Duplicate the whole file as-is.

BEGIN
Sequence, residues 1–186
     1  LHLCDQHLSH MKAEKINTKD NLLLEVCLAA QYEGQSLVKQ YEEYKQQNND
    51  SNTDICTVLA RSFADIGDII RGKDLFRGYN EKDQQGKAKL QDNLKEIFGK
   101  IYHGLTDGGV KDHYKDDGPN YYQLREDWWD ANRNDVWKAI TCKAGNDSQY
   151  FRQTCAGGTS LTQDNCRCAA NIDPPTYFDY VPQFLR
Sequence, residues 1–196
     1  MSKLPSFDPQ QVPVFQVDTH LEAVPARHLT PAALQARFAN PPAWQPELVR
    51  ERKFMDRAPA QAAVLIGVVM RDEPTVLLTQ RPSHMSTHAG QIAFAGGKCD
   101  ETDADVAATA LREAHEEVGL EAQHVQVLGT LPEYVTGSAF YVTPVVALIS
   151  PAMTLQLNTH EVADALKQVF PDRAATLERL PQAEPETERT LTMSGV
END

Sequence, residues 1–186
     1  LHLCDQHLSH MKAEKINTKD NLLLEVCLAA QYEGQSLVKQ YEEYKQQNND
    51  SNTDICTVLA RSFADIGDII RGKDLFRGYN EKDQQGKAKL QDNLKEIFGK
   101  IYHGLTDGGV KDHYKDDGPN YYQLREDWWD ANRNDVWKAI TCKAGNDSQY
   151  FRQTCAGGTS LTQDNCRCAA NIDPPTYFDY VPQFLR
Sequence, residues 1–196
     1  MSKLPSFDPQ QVPVFQVDTH LEAVPARHLT PAALQARFAN PPAWQPELVR
    51  ERKFMDRAPA QAAVLIGVVM RDEPTVLLTQ RPSHMSTHAG QIAFAGGKCD
   101  ETDADVAATA LREAHEEVGL EAQHVQVLGT LPEYVTGSAF YVTPVVALIS
   151  PAMTLQLNTH EVADALKQVF PDRAATLERL PQAEPETERT LTMSGV